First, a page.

Spring Semester in Research and a THATCamp Challenge

The spring semester is here and the first year DH fellows have begun our rotation into the Research division of CHNM.

To get the ball rolling, we spent a week working through the helpful tutorials at the Programming Historian. As someone new to DH, with admittedly limited technical skill and knowledge, these were immeasurably useful. Each tutorial breaks content into smaller, less intimidating units. These can be completed in succession or selected for a particular topic or skill. While there is useful content for anyone, we focused our attention on Python and Topic Modeling with the aim of solving our own programming dilemma.

Our central challenge was to extract content across the THATCamp WordPress site to enable us to do some text analysis.

THATCamp, or “The Humanities and Technology Camp”, an unconference begun in 2008 at George Mason University, provides participants with space to collaborate and discuss the intersection of technology and the humanities. In five years there have been 148 THATCamps (Amanda French, THATCamp coordinator, works out the scale and scope of the camp’s impact in a blog post here).

Each THATCamp has their own domain containing various posts about the event, proposals from attendees, and notes from sessions (for example: dc2014.thatcamp.org). While some camps are more active than others, every camp generates a large number of distinct posts. All of that content is uploaded to one multi-site WordPress install. On the backend, every additional THATCamp is given a distinctive number and a brand new set of tables is created (with upwards of 10 tables for each camp). With 148 separate camps (and an additional 32 upcoming camps), that translates into a massive database.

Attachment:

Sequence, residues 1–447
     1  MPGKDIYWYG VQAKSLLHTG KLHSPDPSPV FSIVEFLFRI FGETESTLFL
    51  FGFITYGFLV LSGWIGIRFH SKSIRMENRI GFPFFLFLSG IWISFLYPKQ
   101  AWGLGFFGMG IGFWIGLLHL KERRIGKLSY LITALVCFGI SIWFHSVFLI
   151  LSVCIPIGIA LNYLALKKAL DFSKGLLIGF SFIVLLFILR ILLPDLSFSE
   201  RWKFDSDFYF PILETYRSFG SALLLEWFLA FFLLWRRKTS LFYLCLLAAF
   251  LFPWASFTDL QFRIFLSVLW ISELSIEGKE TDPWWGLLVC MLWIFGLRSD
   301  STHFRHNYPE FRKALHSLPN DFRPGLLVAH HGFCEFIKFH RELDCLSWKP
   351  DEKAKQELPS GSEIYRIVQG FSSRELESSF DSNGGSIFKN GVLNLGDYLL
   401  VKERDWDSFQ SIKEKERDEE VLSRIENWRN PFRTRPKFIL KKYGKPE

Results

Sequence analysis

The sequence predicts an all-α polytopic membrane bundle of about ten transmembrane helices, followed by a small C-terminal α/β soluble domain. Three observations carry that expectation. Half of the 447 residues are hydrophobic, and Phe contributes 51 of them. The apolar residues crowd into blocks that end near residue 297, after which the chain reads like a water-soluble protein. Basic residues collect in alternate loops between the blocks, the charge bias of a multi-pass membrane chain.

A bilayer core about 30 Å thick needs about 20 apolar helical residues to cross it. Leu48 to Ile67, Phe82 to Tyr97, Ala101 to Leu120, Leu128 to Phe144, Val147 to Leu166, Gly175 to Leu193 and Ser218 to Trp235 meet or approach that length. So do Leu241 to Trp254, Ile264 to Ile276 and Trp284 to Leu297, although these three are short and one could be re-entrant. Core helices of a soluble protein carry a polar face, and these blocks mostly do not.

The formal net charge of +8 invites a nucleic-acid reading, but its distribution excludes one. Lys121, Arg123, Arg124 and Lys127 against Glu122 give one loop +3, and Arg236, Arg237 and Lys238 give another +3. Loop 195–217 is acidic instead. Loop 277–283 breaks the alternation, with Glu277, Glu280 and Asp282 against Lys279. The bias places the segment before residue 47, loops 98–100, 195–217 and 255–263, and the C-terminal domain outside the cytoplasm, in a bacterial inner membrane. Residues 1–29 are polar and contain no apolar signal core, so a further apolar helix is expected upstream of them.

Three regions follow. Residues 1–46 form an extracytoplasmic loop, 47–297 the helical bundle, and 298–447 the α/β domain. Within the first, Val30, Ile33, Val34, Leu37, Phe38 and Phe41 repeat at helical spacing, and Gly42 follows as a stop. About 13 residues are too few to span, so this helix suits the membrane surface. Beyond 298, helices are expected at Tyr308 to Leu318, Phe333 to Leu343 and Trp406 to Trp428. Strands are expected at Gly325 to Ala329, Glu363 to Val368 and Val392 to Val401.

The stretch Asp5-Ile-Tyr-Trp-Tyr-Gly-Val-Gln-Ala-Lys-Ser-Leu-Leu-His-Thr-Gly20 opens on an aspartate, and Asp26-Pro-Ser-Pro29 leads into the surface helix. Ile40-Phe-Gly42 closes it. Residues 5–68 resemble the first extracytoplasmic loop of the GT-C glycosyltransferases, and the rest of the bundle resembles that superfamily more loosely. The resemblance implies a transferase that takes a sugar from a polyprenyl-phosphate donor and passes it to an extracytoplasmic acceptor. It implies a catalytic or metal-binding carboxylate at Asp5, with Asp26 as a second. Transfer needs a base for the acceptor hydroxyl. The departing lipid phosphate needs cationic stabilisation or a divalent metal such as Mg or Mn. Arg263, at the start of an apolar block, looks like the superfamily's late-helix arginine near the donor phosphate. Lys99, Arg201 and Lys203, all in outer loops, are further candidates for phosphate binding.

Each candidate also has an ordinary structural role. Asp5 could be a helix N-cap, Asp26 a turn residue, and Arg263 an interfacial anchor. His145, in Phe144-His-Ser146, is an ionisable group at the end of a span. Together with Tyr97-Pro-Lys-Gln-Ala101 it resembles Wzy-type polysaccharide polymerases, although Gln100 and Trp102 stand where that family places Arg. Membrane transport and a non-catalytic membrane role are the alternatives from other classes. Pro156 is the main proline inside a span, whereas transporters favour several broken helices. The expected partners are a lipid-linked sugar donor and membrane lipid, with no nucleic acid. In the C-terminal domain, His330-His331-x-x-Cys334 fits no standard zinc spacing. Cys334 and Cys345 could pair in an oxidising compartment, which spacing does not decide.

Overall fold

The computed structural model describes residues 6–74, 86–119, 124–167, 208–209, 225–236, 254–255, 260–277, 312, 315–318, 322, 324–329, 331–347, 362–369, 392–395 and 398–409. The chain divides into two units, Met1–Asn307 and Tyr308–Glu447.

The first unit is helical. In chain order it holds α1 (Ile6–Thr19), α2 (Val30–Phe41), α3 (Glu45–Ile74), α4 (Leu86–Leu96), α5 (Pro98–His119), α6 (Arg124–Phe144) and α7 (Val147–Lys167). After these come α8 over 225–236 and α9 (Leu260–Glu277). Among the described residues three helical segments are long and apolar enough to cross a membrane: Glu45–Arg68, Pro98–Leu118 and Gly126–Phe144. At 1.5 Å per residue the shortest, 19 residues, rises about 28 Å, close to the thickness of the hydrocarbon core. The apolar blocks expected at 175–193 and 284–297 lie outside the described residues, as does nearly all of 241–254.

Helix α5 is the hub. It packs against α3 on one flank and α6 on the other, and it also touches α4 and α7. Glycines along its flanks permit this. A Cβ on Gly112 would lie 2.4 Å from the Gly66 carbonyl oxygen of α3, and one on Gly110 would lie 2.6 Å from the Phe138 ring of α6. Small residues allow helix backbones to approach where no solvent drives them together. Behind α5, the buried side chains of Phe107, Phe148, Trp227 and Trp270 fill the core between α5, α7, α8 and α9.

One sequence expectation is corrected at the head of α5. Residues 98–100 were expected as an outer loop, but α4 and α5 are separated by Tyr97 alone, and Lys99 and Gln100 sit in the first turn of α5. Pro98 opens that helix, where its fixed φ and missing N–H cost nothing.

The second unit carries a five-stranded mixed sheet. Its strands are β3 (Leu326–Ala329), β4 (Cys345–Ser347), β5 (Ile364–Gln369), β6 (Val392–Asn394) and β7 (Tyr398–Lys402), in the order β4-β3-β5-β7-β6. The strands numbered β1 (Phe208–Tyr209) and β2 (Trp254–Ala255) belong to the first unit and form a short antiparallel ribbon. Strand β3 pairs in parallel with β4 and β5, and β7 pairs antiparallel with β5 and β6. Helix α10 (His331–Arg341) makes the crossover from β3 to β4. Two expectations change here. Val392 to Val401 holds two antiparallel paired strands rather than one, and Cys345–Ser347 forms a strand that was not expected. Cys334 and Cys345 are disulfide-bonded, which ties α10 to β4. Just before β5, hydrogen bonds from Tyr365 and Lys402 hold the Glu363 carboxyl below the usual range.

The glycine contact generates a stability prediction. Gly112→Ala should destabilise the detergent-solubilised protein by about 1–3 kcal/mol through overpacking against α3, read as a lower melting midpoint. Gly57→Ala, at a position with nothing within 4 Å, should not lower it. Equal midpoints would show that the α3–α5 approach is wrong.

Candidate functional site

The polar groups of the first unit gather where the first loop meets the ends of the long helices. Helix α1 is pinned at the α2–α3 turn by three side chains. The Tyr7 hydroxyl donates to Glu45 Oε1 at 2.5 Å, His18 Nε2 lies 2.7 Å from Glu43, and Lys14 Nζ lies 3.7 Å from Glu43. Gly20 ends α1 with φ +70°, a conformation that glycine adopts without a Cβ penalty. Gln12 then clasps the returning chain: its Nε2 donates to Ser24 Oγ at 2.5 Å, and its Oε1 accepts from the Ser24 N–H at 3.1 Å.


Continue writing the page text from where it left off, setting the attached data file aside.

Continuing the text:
Given the wealth of information available, the THATCamp website offers an attractive opportunity to examine trends in DH discussion. However, there is no effective way for individuals to do so. If one wanted to learn more about the content discussed across multiple THATcamps, he or she could, theoretically, go to each individual page to read the text, but given the sizable amount of posts and the available, a more efficient option is necessary.

The goal of this project is to create a program using MySQL and Python that will allow us to collect the content available on the site and prepare it for further analysis (using tools like MALLET). This will require several steps:

  • access wordpress content which is stored in a MySQL database
    • create python code that logs into the database remotely
  • identify the tables from each THATCamp’s wordpress site within the database.
    • they are labeled sequentially i.e “wp_2_posts”, “wp_3_posts”, ect and interspersed with other tables like “wp_5_terms” and “wp_42_comments”.
  • grab content from each table that contains the blog posts
    • identify the difference between posts, pages, attachments (information found in the “post_type” column) and “publish” or “inherit”
    • query the content so that the script only pulls posts (not pages or attachments) and only published posts (rather than drafts).
  • create a text file of that content and save it
  • loop through the previous steps with each successive table until done.

Essentially, python builds the string using MySQL, drops it into the WordPress content as a query, where it digs around for the correct data until it receives the content back and then saves the file.

After all that content is downloaded, it needs to be cleaned up. Each post may (or may not) contain some stylistic information and deleted/modified posts may produce error messages that require a bit more work. There are two ways to do this: write another program to open each of those text files and strip out tags, then save them again as text files. Or, we can get the first string to work, then add additional scripts that process out the tags before saving the text file. Then the content is ready for analysis using tools like MALLET.

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